I would like to thank the rotary club of manila, Asia’s first, best and largest Rotary Club, for the honor of being invited as your speaker.
I don’t usually honor invitations to speak before groups like this.
First, it is time-consuming. Just to prepare for this speech, you need at least two hours to draft and many more hours of research. This is rotary, after all, and you have to be serious about the undertaking.
Second, such effort usually has an opportunity cost. Meaning it costs money. In showbiz, they call it TF — talent fee.
But since this is Rotary Club of Manila, i will do it for free.
Today, i am going to discuss four main topics:
One, income inequality in this world, including the Philippines;
Two, the ease of doing business in the Philippines;
Three, family values and why they are important to launch and sustain a business; and four. Emerging media trends.
According to Credit Suisse, the bottom half of the global population own less than one percent of the world’s total wealth. The richest ten percent own 85 percent of global wealth. The richest one percent owns half of global assets.
The same is true in the Philippines. The richest one percent own more than half of the country’s wealth. The richest 100 families own the politics and business of this country.
According to Credit Suisse, there are only 24 Filipinos with wealth of $500 million or more, the so-called ultra high networth (UHNW) individuals.
And that the Philippines has 32,354 us dollar millionaires (or high networth individuals) whose combined wealth is $518 billion, an amount 1.67 times the country’s gross domestic product (GDP) of $310 billion.
The Philippines is a country of 24 million families and a population of 106 million people, of which 62,043,000 (62.043 million) are adults.
On average, each adult Filipino (19 or older) has wealth of $8,335 (debts included), according to Credit Suisse.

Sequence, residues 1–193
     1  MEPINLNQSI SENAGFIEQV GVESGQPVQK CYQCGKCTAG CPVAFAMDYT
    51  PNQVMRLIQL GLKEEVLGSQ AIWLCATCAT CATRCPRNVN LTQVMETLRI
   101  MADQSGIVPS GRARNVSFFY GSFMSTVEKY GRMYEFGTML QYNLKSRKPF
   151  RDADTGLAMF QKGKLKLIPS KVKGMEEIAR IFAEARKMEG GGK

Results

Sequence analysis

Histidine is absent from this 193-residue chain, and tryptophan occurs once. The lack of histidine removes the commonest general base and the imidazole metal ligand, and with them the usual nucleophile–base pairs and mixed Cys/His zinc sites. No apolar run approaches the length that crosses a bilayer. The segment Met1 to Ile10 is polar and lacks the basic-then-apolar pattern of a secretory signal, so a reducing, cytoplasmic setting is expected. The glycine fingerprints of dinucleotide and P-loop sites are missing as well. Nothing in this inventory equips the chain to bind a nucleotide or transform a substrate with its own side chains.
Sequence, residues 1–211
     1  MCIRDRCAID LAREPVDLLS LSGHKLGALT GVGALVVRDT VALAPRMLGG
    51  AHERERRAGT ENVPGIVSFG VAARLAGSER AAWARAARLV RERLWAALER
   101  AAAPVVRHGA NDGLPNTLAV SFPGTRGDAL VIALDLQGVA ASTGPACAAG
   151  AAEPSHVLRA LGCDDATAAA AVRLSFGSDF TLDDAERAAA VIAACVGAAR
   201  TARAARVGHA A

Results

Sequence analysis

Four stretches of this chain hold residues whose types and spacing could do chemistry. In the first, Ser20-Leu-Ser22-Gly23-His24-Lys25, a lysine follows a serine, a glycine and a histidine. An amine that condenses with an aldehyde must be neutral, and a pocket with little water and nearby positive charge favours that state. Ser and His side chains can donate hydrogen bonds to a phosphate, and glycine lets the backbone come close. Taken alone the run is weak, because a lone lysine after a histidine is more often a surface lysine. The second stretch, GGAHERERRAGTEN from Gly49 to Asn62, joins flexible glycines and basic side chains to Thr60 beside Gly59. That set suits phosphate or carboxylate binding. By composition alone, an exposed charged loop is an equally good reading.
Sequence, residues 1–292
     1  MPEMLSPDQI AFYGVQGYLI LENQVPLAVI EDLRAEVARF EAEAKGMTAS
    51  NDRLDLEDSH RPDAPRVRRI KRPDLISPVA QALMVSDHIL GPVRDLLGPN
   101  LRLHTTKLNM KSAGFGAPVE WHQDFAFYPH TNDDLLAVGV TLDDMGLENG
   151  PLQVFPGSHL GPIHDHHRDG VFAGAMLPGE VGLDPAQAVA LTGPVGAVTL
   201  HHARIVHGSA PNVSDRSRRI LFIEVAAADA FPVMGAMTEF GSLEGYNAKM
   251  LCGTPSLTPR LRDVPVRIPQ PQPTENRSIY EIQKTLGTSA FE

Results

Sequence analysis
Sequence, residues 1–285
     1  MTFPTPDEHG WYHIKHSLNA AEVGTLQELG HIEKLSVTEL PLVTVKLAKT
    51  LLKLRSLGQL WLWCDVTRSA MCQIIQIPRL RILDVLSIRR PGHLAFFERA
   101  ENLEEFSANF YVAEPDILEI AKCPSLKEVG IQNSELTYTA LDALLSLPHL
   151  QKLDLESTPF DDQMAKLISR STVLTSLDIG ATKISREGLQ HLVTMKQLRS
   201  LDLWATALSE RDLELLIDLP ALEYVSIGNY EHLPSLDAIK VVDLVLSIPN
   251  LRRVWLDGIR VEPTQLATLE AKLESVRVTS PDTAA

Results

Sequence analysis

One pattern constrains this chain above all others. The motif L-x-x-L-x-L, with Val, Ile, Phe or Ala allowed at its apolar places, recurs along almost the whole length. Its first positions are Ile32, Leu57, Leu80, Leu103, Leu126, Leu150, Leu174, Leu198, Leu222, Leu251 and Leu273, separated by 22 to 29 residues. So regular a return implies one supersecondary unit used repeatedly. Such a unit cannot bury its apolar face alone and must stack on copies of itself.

Credit Suisse (cs) defines networth as the value of financial assets, plus non-financial assets—principally housing and land, less debts.
Of the 32,354 filipino millionaires, 27,369 (84.59%) have wealth of between $1 million and $5 million;
2,757 (8.5%) have wealth of between $5 million and $10 million;
190 (.587%) have wealth of $50 million to $100 million;
130 (.4) have wealth of $100 million to $500 million; and
24 individuals (.074%) have wealth of $500 million or more.
Credit Suisse’s “Global Wealth Databook 2018” indicates the world has 42 million dollar millionaires. Of that number, 17.349 million individuals are in the united states; 3.479 million in china; 2.8 million in japan; 183,736 in Singapore; 88,845 in Indonesia; 39,814 in Thailand; and 4,943 in Vietnam.
Impact of inequality
Our politics is monopolized by only a few families.
Thus you have two brothers running for senator at the same time; a family running for senator, governor, and congressman at the same time; a candidate running for mayor and a sibling running for vice mayor, with still another sibling running for congressman – and all three are unopposed. Two siblings are battling for the mayorship of Makati.
In Taguig-Pateros district, one family, the Cayetanos, will have a stranglehold. A husband and wife Cayetano are running for Taguig’s two congressional seats. The sister of the husband is running for senator. Their brother and this brother’s wife are running for mayor and vice mayor of Taguig.
In the movie “Troy”, Brat Pitt, playing Achilles, asked after defeating a monster warrior: “is there no one else?”
For these families, monopolies are a source of family or clan pride (“public service is a tradition”), a badge of honor (“the people love us, you know,” as if the people had any choice), and revolting of all, legal and constitutional.
The dynastic monopolies have morphed into political monarchies ruling large cities, large provinces, major regions, and indeed, the entire archipelago. This is democratic inclusion in reverse—a rule by no more than 100 families over the world’s second largest archipelago, 12th largest consumer market, and one of the most dynamic economies in Asia.
What has been the impact of dynastic rule by these 100 political families?
Is it a coincidence that the Philippines has one of the worst income equality ratios in the world, that it is the only major country that failed to solve its poverty after the entire world solved its poverty in 2015, that in ASEAN, it has the highest poverty incidence, the highest unemployment rate, the highest inflation rate, the highest interest rates, and the lowest level of foreign investments?